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Every woman is different. Not all women need HRT and of those women who would benefit from HRT, not all of them choose to use it. For those who do use HRT, there will always be a question of when and how to stop.

This article was included in issue 71 (winter 2016/2017) of The Menopause Exchange newsletter.

Sometimes this question is forced by a drastic change in circumstances, such as a diagnosis of breast cancer. Often though, it is a recommendation by a healthcare professional who remains influenced by the media suggestion that HRT should only be taken for five years. This was never an expert recommendation, however. Ideally, stopping HRT should be a decision made with the help of a healthcare professional who knows the evidence basis and is familiar with national advice. Ultimately, it should be a voluntary decision taken by women themselves.

Symptom check
One of the great myths of the menopause is that HRT simply puts off the inevitable. This isn’t true. The evidence from recent research studies is that menopause-related symptoms can last for many years and that if you stop taking HRT, the symptoms that you would have had anyway will simply reveal themselves.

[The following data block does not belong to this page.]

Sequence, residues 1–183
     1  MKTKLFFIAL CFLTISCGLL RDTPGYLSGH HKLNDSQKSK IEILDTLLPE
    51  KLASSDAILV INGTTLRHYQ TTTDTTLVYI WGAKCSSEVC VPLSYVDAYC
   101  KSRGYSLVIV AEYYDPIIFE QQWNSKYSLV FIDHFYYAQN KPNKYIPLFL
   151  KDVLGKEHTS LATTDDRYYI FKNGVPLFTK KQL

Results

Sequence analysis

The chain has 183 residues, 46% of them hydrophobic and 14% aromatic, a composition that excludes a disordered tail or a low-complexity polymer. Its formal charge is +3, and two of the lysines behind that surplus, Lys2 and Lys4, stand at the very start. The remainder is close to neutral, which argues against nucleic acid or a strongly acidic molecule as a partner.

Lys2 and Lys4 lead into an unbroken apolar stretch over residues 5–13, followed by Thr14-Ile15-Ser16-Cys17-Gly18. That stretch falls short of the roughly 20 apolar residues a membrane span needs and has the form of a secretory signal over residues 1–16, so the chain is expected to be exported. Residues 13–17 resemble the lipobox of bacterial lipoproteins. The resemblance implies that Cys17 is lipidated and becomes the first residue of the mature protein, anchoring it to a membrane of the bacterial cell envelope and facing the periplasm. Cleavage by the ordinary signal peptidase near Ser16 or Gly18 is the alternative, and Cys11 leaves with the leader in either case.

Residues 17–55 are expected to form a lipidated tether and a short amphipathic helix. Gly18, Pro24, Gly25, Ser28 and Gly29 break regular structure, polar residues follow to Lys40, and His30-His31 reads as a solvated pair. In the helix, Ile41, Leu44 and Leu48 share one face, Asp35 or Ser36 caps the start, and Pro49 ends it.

Clearly if you take HRT for two years and your symptoms are scheduled to last for seven years, then after the two years the hot flushes, sweating and miseries will return. The length of time that menopause symptoms last varies greatly. While the average length may be three to five years, women can continue to have hot flushes through their 60s and even their 70s. This is more likely if the menopause results from the surgical removal of both ovaries.

Lowering the doses
Some women will decide to wait until they retire before trying to stop HRT, as the need to cope and multitask will be reduced by then. As menopause experts, we find that as women get older they simply don’t need the doses they did previously to keep on top of their symptoms. There has been some research on this topic but it isn’t definitive. What I suggest to women is that after several years of being well, a dose reduction using the same constituents would be advisable. For example, reducing the tablet dose from continuous 2mg oestradiol with 1mg norethisterone to continuous 1mg oestradiol with 0.5mg norethisterone is often just as effective in a woman’s late 50s. We know that only very small doses are needed to protect bone so this benefit isn’t lost or reduced. The principle is always to use the lowest dose that works (with the emphasis on getting the desired effect).

It’s often difficult to stop HRT if a woman is still close to her last natural period as that is when her symptoms are often at their worst. Stopping a cyclical regimen is therefore uncommon. If this does occur, then the progestogen component is still needed for 12 to 14 days of a 28-day cycle. Usually women will have switched from a predictable bleed regimen to continuous progestogen as this provides best protection for their uterus and usually no bleeding. After two to five years, they may be able to reduce the dose and after a further two to five years will often decide they would like to see if they can then manage without it.